Kevin O’Connell and Mike Zimmer
Mike Zimmer was a great coach for the Minnesota Vikings from 2014 to 2019. The Vikings have won 59.9% of the games in those six seasons, the seventh-best in the NFL.
A defense-first leader, Zimmer Leslie Frazier changed the dialogue of the days when the team finished second-worst in the NFL per points allowed for opponents (2011 to 2013). From 2014 to 2019, Minnesota allowed a second-The lowest Pointing to the opponent, only the strong New England defended the Patriots defensively.
Out of the shadow of doubt, in Zimmer’s first six seasons, he single-handedly transformed the Vikings from the NFL’s second-worst defensive team to the second-best team. It’s easy to forget.
However, with the start of the 2020 season, Zimmer’s defense has expired. Straight and simple. A team of defensive free agents has left the team, and Zimmer’s baby – the defense – has never been the same.
The NFL, meanwhile, was moving toward a crime-first company, when it seemed that Zimmer’s defense was gripped by defense-or-other thinking. That’s right and Dandy if someone’s defense is still high-level, but Minnesota is stuck in the most important place of the 2020 and 2021 games.
Accordingly, Minnesota fired Zimmer after the 2021 season because the defensive-minded coach no longer built a league-in-the-best-defending defense. If the team’s maintenance was messy, hiring defensive coaches in the offensive league was no longer worth it.
Insert Kevin O’Connell.
Not defensive brains, O’Connell was scaled from Super Bowl winner Los Angeles Rams in February to take over the Vikings.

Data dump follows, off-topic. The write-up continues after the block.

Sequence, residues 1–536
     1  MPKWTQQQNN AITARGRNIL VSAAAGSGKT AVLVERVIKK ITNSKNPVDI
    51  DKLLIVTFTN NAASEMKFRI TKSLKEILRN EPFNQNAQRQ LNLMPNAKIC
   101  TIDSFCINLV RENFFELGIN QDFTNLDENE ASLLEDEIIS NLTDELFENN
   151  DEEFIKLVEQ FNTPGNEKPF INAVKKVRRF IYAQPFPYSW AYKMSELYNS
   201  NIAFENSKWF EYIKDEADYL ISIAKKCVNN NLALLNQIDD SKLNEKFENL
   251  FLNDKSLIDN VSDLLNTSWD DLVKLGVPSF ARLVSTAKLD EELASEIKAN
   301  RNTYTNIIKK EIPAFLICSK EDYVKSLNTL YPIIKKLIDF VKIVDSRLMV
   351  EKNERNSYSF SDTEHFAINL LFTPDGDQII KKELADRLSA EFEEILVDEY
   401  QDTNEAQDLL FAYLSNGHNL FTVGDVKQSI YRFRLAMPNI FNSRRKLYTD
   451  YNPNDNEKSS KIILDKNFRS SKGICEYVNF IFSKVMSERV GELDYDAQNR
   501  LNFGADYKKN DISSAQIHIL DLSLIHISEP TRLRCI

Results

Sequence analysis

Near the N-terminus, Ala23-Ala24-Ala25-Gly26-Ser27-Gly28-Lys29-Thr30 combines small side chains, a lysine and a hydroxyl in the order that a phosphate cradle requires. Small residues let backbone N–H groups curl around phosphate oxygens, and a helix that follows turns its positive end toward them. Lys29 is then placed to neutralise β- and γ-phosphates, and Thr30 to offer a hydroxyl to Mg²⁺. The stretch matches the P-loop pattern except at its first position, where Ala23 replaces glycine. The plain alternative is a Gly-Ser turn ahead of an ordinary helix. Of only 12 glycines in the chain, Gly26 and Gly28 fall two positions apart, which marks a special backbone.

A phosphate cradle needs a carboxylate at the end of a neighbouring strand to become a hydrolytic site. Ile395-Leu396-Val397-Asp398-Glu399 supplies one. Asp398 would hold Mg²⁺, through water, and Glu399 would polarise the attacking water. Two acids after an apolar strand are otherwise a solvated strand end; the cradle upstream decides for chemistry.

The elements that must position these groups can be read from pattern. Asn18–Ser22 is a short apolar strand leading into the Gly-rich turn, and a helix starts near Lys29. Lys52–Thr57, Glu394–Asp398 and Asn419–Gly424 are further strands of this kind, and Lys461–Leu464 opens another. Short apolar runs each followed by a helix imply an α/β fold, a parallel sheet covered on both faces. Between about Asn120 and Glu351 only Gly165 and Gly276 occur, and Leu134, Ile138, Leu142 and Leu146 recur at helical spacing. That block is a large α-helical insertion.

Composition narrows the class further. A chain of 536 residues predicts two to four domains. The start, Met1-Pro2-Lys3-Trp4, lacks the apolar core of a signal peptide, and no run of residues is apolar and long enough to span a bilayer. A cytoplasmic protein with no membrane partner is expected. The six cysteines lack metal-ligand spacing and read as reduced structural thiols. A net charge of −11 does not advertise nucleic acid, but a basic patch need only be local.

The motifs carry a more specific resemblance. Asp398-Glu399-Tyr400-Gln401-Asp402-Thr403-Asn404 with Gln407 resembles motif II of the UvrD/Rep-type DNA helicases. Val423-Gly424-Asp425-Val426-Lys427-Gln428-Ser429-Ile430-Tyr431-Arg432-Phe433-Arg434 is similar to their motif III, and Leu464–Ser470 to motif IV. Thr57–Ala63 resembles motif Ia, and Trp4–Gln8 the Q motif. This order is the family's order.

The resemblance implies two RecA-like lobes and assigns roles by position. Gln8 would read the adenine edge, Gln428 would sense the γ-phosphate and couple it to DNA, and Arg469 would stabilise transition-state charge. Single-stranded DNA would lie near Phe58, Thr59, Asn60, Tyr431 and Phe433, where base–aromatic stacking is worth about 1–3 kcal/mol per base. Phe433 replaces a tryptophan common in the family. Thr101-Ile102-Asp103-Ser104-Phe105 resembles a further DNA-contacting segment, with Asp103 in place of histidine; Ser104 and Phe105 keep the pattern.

And in the initial dealings with his team during the May mini-camp, the difference between Zimmer and O’Connell is obvious. Zimmer was silently a defensive-first captain, where O’Connell, who fully acknowledges his offensive background, wants to embrace both sides of the ball.l It’s as if he was deeply aware of the “problem” before – the emphasis on narrowly tracking one side of the football operation.
O’Connell told Pioneer Press Chris Thomson on Wednesday, “[I want to] Be visible to the defense, let them know that I am learning the direction of their ball just as much as they are. They’re in our coverage, under pressure, how can we stop the run and they just can’t see me as an aggressive head coach.
Truth be told, the Viking spectators longed for Zimmer during the extended period of his reign, wanting to convince a Kubiak with “you do your job” power, rather than a verbal acknowledgment and engaging in offensive matters.
Of course, O’Connell wouldn’t be as defensively savvy as Zimmer, but his initial underscore “I am here to defend too” lacked Zimmer. Zimmer’s defense was mysterious for a few seasons, and he left the offensive control of others. Also, Zimmer had a new guy in charge of the offense each season, which didn’t help the consistency.
At least for O’Connell’s first few engagements with the players, he’s pointing to an awareness of how the Vikings have become a one-sided venture under the former coaching staff.
O’Connell was taking corrective action early on, where it was uncertain whether Zimmer would ever develop.
Dustin Baker is a political scientist who graduated from the University of Minnesota in 2007. Subscribe to her daily YouTube channel, VikesNow. She Hosts a podcast With Bryant McKinney, which airs every Wednesday Raun Sai And Sally from Minneapolis. His Viking Fandom dates back to 1996. Listed Criminal Pleasures: Peanut Butter Ice Cream, ‘The Sopranos’ and The Doors (Band).